Some comparison websites fail to disclose certain fees that policyholders would have to pay such as policy cancellation fees, or fees associated with making adjustments to the policy part way through the policy period. The Financial Conduct Authority found that certain comparison websites had even charged customers for changing their address before the expiry of a policy.

Many businesses are put off using an Insurance Broker as they think that a comparison website will be more cost-effective. However, often this is not the case, as insurance brokers have in-depth knowledge of the insurance market, as well as the ability to negotiate with Insurers on behalf of the business. In the event of a claim, you are also less likely to incur unexpected expenses, as your broker will have thoroughly advised you of the costs that may be incurred at the time the policy is taken out.

Without the right insurance in place, your business may not survive an unexpected disaster. Trying to save money in the short term can result in huge losses long term. Don’t take the risk!

Disclaimer

Conditions apply for each policy and the information expected from you for a policy to trigger. Coverage may differ based on specific clauses in individual policies. Please ask your broker to explain the additional benefits and exclusions pertaining to your policy.

The information provided is general advice only and does not take account of your personal circumstances or needs. Please refer to our financial services guide which contains details of our services and how we are remunerated.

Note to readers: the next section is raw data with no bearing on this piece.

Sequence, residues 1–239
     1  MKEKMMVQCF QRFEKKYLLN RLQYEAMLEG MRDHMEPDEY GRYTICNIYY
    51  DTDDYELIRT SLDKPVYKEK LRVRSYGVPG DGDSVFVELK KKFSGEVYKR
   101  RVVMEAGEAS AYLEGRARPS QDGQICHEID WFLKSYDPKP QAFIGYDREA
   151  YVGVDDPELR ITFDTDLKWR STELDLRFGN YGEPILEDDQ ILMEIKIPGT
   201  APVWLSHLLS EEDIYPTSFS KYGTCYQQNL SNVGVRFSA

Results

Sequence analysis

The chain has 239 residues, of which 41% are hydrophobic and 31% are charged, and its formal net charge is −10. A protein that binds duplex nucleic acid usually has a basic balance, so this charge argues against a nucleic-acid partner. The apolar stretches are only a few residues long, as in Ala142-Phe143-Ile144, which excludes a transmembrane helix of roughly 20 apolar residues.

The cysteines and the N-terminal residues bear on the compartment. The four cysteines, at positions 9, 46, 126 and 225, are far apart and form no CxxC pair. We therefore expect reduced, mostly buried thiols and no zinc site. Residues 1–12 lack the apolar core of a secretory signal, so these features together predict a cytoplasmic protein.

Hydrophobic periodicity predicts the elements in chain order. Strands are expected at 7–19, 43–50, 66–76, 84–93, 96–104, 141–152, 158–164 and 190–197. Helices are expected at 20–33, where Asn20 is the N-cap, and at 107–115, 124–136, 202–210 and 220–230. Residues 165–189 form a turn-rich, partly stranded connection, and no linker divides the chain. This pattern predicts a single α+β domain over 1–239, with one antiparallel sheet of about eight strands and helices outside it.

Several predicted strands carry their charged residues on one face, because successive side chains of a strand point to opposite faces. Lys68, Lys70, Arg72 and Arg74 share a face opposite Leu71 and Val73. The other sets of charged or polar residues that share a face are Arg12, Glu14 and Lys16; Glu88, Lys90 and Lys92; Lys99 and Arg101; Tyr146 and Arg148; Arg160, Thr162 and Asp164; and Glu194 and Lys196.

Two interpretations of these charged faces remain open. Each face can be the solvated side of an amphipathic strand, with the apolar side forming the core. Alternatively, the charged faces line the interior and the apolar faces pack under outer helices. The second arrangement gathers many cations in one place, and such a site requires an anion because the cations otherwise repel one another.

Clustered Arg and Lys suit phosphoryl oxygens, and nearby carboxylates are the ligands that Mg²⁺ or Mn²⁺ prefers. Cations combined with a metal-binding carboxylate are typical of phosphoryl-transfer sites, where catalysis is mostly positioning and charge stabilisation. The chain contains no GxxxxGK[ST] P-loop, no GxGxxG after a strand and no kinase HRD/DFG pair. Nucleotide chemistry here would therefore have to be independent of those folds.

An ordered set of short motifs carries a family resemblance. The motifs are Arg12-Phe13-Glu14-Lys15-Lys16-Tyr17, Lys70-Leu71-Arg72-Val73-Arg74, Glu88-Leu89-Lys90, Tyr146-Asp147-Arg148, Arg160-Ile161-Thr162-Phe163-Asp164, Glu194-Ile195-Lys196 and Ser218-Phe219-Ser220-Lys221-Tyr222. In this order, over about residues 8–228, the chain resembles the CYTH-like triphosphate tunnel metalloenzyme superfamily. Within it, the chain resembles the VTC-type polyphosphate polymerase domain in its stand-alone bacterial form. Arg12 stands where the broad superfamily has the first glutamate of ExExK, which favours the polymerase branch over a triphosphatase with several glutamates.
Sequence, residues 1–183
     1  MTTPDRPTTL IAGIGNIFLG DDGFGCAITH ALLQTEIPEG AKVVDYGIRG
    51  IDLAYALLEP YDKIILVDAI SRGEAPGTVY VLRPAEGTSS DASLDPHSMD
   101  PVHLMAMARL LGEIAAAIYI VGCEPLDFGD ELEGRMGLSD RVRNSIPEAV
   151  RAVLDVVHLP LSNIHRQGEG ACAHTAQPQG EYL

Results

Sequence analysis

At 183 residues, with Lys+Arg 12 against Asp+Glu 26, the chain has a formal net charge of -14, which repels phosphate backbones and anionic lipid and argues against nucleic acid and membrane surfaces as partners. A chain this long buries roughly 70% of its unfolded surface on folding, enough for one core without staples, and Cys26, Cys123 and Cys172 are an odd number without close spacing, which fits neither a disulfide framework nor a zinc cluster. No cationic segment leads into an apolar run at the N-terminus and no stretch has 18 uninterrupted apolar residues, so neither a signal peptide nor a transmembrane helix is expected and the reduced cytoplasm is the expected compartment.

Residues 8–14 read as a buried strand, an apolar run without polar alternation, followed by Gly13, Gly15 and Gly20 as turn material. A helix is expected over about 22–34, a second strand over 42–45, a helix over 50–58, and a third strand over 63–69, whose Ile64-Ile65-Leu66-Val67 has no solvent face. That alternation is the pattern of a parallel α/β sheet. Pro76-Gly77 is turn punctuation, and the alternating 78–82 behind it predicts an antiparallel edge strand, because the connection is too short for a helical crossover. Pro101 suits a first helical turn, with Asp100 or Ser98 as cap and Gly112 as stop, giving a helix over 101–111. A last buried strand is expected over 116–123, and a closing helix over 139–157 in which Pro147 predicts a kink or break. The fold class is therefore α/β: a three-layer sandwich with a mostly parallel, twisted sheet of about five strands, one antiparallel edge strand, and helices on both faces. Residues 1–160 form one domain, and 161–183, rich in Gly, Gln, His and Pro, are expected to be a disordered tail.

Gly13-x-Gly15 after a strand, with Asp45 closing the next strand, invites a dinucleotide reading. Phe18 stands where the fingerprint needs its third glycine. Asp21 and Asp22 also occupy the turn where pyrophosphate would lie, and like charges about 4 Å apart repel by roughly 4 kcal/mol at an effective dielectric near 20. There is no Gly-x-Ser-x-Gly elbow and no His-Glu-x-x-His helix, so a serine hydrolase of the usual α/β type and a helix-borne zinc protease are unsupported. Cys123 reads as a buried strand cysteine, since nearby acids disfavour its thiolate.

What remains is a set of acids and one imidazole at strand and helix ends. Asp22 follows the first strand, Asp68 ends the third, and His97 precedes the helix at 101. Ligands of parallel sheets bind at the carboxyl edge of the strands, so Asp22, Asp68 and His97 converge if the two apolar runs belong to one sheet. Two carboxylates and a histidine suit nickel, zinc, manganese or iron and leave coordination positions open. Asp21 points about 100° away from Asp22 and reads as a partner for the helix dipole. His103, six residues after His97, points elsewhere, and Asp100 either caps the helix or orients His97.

Business Pack Insurance

What is Business Package Insurance and Do I Need it?

As the owner of a small to medium-sized business, it is particularly important to be careful when evaluating your business insurance needs due to the potential financial impact in the event of a loss. In today’s volatile business environment however, risks are increasingly diverse and complex, which makes it difficult to find insurance that will fully protect your business.

Common risks faced by today’s business owners include:

  • Financial Risk: The risk that your business will not be able to meet its financial obligations.
  • Security Risk: The risk of fraud, theft, embezzlement, or misdirection of funds.
  • Property Risk: The risk of flood, fire, storms or earthquakes causing damage to business property.
  • Legal Risk: The risk of your business facing legal action from customers, suppliers, employees, competitors, investors, or other parties.

Business Pack (or Buspack) Insurance is a common insurance package that provides cover for a wide range of risks. However, it is a complicated insurance as it has many features that are designed to help protect your assets, employees and customers from these risks by offering financial support if an unforeseen circumstance negatively impacts your business.

What is Business Pack Insurance?

Business Pack Insurance provides a wide range of insurance protection for your business. It protects companies from losses that may occur due to unforeseen events during the normal course of business operations.

A typical Business Pack will combine a wide range of insurance types such as coverage for property damage, financial loss, legal liability and some employee-related risks.

Does My Business Need Business Pack Insurance?

Business Insurance is vital for SMEs across Australia. For many people, their business is their livelihood and their main source of income or assets. Protecting your business from the range of risks that can negatively impact or even cripple it is critical.

You should consider insuring your assets, revenue, and liabilities to protect your company against potential risks. A Business Pack Insurance policy will ensure you meet these requirements, as well as protecting your business for other circumstances that pose a risk.